Even disregarding issues like password theft, letting anyone directly connect to your database server is a terrible idea.
Even a thin API wrapper between your internal applications and your database can be a positive thing. For the most part the main issues here are shielding yourself from malformed, incomplete and/or intentional malicious things - most notably the unintentional especially where quotes and special character escaping like $@!* are concerned. It is relatively simple to do since in most cases queries only require on a very small portion of information from the actual client side such as a function name and a date range or other criteria found in the 'WHERE' clause.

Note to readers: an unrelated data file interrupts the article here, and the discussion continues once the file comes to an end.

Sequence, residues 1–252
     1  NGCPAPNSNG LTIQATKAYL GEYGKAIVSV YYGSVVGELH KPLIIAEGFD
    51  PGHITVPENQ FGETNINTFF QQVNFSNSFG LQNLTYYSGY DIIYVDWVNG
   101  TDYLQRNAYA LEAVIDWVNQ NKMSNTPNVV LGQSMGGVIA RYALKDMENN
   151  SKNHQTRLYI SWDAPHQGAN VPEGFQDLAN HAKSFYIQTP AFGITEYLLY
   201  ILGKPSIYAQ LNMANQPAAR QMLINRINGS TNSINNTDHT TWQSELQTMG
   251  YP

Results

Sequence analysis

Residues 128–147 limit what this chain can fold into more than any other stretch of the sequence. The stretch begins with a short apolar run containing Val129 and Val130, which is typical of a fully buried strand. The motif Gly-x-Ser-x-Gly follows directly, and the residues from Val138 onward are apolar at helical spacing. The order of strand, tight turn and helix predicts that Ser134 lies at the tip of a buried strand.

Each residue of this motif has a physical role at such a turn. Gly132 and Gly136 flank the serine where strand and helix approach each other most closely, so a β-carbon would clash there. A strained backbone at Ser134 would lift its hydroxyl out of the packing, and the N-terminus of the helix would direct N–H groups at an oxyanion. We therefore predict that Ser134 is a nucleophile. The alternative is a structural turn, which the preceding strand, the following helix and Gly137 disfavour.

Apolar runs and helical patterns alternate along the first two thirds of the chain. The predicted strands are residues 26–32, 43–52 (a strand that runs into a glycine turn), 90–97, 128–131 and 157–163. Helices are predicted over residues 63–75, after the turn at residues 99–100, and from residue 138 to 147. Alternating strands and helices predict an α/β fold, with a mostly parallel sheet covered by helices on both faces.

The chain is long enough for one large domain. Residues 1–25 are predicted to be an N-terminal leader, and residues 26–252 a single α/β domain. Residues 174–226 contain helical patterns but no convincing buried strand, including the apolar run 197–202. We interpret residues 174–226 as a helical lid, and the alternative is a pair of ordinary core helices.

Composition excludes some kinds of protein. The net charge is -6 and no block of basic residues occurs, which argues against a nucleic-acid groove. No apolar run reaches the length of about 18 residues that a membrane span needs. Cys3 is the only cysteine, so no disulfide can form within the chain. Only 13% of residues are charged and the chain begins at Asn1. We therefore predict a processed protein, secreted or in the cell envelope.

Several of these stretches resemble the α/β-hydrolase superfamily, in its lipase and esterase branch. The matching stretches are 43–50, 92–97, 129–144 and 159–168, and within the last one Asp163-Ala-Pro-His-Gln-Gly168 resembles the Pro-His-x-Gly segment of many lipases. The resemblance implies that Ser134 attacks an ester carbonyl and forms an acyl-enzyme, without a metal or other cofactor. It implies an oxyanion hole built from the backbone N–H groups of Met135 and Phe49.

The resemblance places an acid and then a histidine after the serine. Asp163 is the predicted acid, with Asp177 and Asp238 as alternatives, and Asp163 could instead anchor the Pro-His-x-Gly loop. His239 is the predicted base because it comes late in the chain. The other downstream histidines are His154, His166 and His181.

In most cases the only information a client should send is (authentication to your app server should be separate from the database login credentials and already complete at this point!) a few variables set to determine what function to call and the parameters it needs to reliably build the query server side. It is important to note that this forces you to an extent to validate the client requests and validity of their request before sending anything to your database and not rely solely on the somewhat lacking security features on various database engines.
This is not only ideal for security reasons but for maintainability. You can usually update/improve your query server side without having to update the clients in any way.